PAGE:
As shown in the most recent Statistics Canada donations figures (released on November 23rd) the economic downturn had a significant effect on charitable giving, though the raw figures presented overestimate the monetary aspect of this effect.
- In 2009, Canadian taxfilers claimed a total of $7.8 billion in charitable donations.
- 5.6 million Canadians, representing 23.1% of taxfilers, claimed a charitable donation in 2009.
- The raw data appear to indicate that 2009 continues a significant decline in donation amounts that began in 2008 – however, these figures do not take into account the role of tax shelters and are potentially misleading.
- If the amounts involved in tax shelters are excluded, donations were flat between 2007 and 2008 and dropped less than the raw figures indicate in 2009 (3.4% rather than 5.4%).
- The percentage of taxfilers claiming donations dropped from 24.1% in 2008 to 23.1% in 2009.
- The drop in taxfilers should be grounds for considerable concern because it is not greatly affected by the tax shelters issue and the size of the drop is virtually without precedent.
(La version française du rapport se trouve ici.)
Statistics Canada released its latest annual figures on charitable donor statistics on November 23rd. These figures reflect donations claimed by Canadian taxfilers on their personal income tax returns for the 2009 tax year.
Unfortunately, as with the release last year (covering the 2008 tax year), there was no article summarizing the data released in The Daily as had been common practice in prior years. However, a summary table containing much of the information that was the basis for previous releases was released. Part of this table is reproduced below. The complete table can be viewed on the Statistics Canada website.
Many in the sector have been awaiting these figures as an indicator of the full effect of the economic downturn on donations. The downturn began in Canada in late 2008 and the 2009 data reflect the first full year since the downturn.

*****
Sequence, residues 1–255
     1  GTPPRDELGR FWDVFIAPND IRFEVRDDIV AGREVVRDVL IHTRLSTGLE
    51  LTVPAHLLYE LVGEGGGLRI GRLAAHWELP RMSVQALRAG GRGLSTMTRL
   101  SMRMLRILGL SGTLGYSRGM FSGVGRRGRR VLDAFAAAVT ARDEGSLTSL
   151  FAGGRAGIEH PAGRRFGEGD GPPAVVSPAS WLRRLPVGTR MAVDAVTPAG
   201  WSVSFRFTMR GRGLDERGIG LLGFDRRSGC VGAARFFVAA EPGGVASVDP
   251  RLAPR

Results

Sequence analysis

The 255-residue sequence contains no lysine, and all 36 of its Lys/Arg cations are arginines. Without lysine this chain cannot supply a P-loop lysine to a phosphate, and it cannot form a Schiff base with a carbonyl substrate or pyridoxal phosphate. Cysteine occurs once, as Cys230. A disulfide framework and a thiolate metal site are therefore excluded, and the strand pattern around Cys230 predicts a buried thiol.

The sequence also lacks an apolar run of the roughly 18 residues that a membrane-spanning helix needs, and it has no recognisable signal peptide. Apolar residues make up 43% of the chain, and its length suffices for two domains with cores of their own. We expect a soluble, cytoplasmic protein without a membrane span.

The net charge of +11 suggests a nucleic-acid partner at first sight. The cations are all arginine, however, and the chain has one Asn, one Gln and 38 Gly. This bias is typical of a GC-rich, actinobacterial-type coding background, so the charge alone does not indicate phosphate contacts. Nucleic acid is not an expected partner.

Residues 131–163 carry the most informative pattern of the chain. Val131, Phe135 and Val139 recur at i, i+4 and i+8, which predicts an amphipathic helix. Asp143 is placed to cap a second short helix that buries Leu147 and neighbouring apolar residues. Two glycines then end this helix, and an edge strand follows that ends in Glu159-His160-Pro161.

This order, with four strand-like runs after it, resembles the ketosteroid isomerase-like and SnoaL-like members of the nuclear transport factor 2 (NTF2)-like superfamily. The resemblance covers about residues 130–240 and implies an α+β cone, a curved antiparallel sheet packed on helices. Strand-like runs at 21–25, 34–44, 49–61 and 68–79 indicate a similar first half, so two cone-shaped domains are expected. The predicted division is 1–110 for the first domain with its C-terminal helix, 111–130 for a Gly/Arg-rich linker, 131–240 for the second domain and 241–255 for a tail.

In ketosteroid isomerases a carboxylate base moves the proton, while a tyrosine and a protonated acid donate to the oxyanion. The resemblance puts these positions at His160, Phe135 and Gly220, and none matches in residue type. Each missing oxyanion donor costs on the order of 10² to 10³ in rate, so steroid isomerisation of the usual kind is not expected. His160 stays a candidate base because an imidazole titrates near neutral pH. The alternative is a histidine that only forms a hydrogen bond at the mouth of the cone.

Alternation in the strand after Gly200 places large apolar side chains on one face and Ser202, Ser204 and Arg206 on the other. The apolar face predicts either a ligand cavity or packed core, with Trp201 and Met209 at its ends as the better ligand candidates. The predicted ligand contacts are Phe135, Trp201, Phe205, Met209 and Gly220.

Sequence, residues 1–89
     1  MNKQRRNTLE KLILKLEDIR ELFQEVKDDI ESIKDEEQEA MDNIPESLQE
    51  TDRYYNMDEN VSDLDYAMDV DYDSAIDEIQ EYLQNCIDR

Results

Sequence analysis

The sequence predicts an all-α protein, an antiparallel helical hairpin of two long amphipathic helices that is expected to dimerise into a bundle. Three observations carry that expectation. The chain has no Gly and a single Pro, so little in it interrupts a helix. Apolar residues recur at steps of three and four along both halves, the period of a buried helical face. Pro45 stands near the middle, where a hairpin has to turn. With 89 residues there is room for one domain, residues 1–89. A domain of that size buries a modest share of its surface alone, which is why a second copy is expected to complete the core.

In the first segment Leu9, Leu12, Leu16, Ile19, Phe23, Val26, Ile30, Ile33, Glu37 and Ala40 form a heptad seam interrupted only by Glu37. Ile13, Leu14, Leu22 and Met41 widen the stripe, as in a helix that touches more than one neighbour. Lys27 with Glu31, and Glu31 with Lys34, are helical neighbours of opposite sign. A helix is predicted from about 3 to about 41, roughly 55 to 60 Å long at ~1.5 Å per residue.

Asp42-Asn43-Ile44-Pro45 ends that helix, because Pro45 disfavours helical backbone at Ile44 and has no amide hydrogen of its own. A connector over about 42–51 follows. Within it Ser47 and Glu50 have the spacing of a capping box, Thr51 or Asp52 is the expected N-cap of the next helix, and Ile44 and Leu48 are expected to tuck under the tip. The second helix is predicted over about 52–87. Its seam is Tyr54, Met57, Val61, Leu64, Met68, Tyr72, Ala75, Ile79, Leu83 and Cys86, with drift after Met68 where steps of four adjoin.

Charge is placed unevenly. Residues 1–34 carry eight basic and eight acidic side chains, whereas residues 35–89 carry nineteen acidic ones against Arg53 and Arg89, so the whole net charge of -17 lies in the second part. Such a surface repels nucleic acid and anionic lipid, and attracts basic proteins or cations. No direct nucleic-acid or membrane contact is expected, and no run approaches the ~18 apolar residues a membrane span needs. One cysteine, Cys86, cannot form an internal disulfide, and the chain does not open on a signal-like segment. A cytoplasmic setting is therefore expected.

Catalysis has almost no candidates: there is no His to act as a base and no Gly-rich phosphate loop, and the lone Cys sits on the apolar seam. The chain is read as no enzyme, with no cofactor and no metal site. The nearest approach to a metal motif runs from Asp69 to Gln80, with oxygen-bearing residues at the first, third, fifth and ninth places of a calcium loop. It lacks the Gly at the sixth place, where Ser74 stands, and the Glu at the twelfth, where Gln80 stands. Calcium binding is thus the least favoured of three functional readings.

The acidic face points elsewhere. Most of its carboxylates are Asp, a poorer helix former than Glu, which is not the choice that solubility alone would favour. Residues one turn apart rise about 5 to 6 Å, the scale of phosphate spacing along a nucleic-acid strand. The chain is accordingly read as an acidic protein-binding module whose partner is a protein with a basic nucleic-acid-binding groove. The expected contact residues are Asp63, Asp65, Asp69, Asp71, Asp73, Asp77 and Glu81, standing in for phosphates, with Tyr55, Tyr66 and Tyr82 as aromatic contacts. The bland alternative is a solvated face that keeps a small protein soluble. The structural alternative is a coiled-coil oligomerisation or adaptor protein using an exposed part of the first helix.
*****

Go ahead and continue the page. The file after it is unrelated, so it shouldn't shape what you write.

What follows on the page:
In 2009, Canadian taxfilers reported a total of $7.8 billion in charitable donations (see Table 1). This was down approximately 5.4% from the $8.2 billion reported for 2008. This decrease is particularly significant because superficially it seems to continue a decline that started in 2007, when reported donations totaled $8.6 billion. However, as I will explain below, this isn’t the whole story.
The number of taxfilers claiming donations also dropped significantly. In 2009, 5.6 million Canadians (23.1% of taxfilers) claimed donations. This is almost 180,000 fewer Canadians than the 5.8 million (24.1% of taxfilers) who claimed donations in 2008. Although this decrease is part of a very long-term trend, 2009 marks the largest year-to-year drop recorded since 1997.
The Role of Tax Shelter Arrangements in Donation Amounts
While we should be concerned about these decreases, the raw data from the Statistics Canada database paint a picture that appears worse than it is. In particular, these data are silent on the role of tax shelter arrangements, which significantly distort the donation picture.